National Airlines Flight 193

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National Airlines Flight 193 resting in Escambia Bay the morning after the crash

National Airlines Flight 193 crashed in Escambia Bay, east of Pensacola Regional Airport, on May 8, 1978.

Flight background[edit]

Flight 193, a Boeing 727-235, was a scheduled flight from Miami, Florida to Pensacola, with scheduled stops at Melbourne and Tampa, Florida, New Orleans, Louisiana, and Mobile, Alabama. En route from Mobile to Pensacola, there were 52 passengers and 6 crew members aboard.[1]

At approximately 9:20 PM, Flight 193 crashed into Escambia Bay, about three nautical miles from the Pensacola Regional Airport. The aircraft came to rest in twelve feet of water.[1]

Causes of crash[edit]

The National Transportation Safety Board determined that the crash was due to pilot and crew error:

National Airlines Flight 193
The flightcrew's unprofessionally conducted nonprecision instrument approach, in that the captain and the crew failed to monitor the descent rate and altitude, and the first officer failed to provide the captain with required altitude and approach performance callouts. The captain and first officer did not check or utilize all instruments available for altitude awareness and, therefore, did not configure the aircraft properly and in a timely manner for the approach. The captain failed to comply with the company's GPWS flightcrew response procedures in a timely manner after the warning began. The flight engineer turned off the GPWS warning 9 seconds after it began without the captain' s knowledge or consent. Contributing to the accident was the radar controller's failure to provide advance notice of the start-descent point which accelerated the pace of the crew's cockpit activities after the passage of the final approach fix.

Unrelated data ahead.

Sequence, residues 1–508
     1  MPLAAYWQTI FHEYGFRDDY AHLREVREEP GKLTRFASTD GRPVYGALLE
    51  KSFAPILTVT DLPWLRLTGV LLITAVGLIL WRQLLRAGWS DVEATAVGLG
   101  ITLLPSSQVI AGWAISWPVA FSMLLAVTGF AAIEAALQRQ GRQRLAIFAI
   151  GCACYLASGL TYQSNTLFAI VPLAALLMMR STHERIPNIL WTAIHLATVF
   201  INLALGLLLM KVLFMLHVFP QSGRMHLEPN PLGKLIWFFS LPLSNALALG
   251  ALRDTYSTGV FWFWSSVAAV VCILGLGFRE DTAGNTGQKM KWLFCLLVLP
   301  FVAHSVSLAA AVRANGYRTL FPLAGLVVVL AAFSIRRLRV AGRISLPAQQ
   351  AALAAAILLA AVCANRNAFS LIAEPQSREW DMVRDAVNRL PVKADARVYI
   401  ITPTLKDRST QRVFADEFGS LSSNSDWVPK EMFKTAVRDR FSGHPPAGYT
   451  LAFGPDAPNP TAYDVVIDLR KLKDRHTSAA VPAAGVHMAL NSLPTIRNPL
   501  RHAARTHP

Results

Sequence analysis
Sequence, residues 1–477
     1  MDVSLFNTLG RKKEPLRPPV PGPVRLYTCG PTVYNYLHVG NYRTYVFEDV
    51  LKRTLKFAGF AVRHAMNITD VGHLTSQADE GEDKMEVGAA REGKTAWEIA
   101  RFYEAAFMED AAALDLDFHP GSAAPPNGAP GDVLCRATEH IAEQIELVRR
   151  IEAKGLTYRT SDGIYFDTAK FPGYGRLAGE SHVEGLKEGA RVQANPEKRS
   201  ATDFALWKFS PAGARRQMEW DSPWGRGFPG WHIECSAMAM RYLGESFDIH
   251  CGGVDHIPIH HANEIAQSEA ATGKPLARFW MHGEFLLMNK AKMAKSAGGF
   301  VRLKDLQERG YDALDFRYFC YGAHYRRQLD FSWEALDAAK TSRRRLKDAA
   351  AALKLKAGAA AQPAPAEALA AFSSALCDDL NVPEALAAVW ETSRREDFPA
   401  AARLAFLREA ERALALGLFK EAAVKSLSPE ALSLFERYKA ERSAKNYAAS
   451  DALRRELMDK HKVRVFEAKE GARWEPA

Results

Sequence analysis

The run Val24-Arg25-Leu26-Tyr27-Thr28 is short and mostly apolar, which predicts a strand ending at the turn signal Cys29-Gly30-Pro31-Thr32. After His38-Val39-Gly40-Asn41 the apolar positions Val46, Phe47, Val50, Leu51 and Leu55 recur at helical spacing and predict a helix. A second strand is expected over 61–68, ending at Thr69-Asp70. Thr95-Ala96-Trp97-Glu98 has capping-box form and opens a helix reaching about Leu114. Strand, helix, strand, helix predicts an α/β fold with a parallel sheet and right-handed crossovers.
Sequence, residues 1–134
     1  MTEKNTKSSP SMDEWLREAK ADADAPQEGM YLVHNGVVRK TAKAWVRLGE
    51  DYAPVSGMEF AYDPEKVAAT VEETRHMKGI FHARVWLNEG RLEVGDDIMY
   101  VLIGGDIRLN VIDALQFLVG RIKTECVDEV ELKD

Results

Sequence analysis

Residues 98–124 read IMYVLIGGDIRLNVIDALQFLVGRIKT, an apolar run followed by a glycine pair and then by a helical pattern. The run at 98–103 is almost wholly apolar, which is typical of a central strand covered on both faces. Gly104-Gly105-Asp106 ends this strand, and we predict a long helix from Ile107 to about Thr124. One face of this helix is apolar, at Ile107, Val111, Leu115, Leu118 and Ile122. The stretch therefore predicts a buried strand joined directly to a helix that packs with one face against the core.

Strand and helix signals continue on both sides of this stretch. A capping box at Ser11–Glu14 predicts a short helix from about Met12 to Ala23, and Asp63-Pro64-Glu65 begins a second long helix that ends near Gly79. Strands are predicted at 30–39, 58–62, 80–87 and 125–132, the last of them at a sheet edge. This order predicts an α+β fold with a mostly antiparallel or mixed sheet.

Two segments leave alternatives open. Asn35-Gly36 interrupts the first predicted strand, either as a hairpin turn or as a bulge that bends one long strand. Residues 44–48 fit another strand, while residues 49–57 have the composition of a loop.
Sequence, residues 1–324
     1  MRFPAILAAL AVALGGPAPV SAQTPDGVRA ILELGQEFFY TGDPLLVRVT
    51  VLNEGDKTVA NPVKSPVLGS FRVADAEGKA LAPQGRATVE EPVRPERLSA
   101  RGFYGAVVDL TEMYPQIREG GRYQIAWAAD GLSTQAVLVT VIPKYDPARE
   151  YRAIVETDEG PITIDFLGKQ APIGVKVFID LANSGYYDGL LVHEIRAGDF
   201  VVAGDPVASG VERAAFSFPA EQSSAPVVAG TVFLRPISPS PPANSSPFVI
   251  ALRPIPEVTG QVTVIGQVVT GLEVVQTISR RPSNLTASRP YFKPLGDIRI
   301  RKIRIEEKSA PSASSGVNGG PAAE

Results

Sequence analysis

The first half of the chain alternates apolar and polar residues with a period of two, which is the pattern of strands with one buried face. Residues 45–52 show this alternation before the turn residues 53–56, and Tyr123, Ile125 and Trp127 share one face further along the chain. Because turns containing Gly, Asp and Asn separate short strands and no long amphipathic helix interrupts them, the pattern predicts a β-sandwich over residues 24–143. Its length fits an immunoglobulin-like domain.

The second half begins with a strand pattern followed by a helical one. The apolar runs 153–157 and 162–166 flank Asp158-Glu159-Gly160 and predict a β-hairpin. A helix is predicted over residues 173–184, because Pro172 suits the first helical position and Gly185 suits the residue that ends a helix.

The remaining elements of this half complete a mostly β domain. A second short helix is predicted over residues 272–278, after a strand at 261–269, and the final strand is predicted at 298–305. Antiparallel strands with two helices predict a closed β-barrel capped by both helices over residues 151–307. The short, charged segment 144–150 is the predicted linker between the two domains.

National Airlines Flight 193

—NTSB Aircraft Accident Report

Rescue operations[edit]

A nearby barge assisted in recovery efforts. Three passengers drowned while trying to exit the aircraft. While the aircraft was intact, it was unsalvageable due to water damage and associated corrosion.

Flight crew[edit]

  • Captain: George T. Kunz
  • First Officer: Leonard G. Sanderson, Jr.
  • Flight Engineer: James K. Stockwell
  • Flight Attendants: Carol Crawford, Carl Greenwood, and Deborah Verplank

External links[edit]